Military Technology And The Dynamics Of Warfare In Ilorin 1800-1920

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Several scholarly works have been undertaken on warfare in Yorubaland and the Sokoto Caliphate. Both were events of the Nineteenth Century in which Ilorin was involved. Aspects of military technology, strategies, tactics and the structure of the Ilorin army in this period have been quite inadequate in the literature. More information is required on the role of groups like Fulani, Hausa, Nupe, Bariba and Kanuri in weapons production and field operation during Ilorin wars in the Nineteenth Century. The work, thus, explores the link between technology and warfare in the Ilorin wars of survival, expansion and consolidation from 1800 to 1920. The objectives of the study were to: (i) investigate the sources and types of weapons (physical and spiritual); (ii) examine inter-group relations and local technology in Ilorin military system; (iii) interrogate the force structure of the Ilorin army; (iv) assess military strategies, tactics and defence mechanisms; and v) analyse the impact of the military and warfare on inter-group relations and cultural integration among Ilorin people. rnA historical and multi-disciplinary approach was adopted for this study. This encompassed a careful and orderly collection, collation and evaluation of primary data comprising oral interviews and archival sources. This was complemented with a systematic and critical analysis of secondary data from published books, gazettes, journal articles, unpublished dissertations and studies obtained from libraries, Documentation Centres and Research Institutes.rn The findings of the study were that:rni. weapons and horses were sourced through trade, limited local breeding, and importation from Sokoto, Borno and Nupeland. Physical weapons included clubs, swords, lances, bow and arrows while okigbe, asaki, egbe, ayeta, afeeri, arina, ilerukanmi, various kinds of bindings and amulets and some verses from the Quran were employed as spiritual elements in Ilorin warfare;rnii. groups such as Yoruba, Hausa, Fulani, Nupe, Kanuri and Bariba contributed men, materials, intelligence, and physical and spiritual weapons through blacksmith, Muslim scholars and traditional healers to support the Ilorin army in its encounters;rniii. the force structure comprised infantry and cavalry while the fighting troops were made up of professional soldiers, elites, free-born volunteers and slaves all drawn from the metropolis and the outlying territories of the emirate; rniv. Ilorin war strategies included diplomatic alliances, espionage, divide and rule, while tactics used were cavalry, attack and retreat, siege warfare, guerrilla war, mob attack, and aerial incendiary as considered appropriate for any particular battle and;rnv. reminiscence of Ilorin military technology and warfare was indicated in the naming of compounds, emergence of several warrior-personalities, and the yearly durbar of horses known in Ilorin as Berende.rnrnThe study concluded that diversity was a strength in Ilorin military technology as various groups supplied both physical and spiritual weapons, strategies, tactics and intelligence in the course of her wars. By the last quarter of the Nineteenth Century, Ilorin military strategies succumbed to pressure from the British leading to the imposition of colonial rule.The study recommended the preservation of the relics of the Nineteenth Century Ilorin wars for further historical reconstruction.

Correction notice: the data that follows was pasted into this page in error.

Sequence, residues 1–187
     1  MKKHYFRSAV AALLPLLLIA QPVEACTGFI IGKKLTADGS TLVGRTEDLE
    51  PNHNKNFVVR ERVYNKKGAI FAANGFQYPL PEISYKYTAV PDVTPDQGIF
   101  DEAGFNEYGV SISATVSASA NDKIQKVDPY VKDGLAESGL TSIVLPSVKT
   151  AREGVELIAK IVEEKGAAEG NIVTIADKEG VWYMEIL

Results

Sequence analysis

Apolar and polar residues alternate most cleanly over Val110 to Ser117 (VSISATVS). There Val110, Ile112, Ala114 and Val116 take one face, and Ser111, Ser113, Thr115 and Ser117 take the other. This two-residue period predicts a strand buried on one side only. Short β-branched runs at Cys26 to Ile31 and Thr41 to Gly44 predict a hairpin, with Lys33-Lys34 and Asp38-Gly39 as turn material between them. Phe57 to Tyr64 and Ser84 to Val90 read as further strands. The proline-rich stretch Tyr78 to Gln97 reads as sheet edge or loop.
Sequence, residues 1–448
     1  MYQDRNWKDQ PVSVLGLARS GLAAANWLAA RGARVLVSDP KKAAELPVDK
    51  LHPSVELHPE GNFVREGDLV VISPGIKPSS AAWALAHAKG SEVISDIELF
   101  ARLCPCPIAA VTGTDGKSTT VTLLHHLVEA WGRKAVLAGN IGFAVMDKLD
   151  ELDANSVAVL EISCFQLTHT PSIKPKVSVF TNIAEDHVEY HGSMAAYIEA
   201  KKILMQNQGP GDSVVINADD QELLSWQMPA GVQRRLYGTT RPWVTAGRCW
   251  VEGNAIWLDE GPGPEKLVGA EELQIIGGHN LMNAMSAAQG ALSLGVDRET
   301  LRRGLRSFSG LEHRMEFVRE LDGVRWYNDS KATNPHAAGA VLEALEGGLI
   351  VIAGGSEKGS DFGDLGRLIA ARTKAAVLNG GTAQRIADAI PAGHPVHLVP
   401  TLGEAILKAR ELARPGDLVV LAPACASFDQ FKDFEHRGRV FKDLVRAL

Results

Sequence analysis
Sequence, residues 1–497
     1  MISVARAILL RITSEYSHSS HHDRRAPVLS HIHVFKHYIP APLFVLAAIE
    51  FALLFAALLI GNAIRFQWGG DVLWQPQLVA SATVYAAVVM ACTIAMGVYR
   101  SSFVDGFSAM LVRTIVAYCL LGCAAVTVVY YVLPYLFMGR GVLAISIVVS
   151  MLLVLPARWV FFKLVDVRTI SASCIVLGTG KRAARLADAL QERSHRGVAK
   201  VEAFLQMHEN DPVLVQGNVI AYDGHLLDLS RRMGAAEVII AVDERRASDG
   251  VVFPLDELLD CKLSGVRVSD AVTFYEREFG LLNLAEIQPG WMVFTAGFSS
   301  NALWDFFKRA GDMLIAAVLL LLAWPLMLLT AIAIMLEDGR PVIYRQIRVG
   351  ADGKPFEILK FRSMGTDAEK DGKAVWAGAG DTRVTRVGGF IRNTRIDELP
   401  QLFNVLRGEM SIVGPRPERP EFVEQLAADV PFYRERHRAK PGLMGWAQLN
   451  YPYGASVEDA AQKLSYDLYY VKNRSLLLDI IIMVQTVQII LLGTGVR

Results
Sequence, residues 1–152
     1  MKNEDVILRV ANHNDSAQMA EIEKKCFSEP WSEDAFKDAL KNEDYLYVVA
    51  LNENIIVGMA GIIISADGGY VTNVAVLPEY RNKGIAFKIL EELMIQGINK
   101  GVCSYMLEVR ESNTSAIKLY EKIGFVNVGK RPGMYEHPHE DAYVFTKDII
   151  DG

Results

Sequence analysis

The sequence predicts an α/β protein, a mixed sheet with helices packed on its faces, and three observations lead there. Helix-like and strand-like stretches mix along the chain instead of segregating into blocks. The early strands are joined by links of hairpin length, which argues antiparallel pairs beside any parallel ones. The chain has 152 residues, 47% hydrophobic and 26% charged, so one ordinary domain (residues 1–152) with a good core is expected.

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Military Technology And The Dynamics Of Warfare In Ilorin 1800-1920

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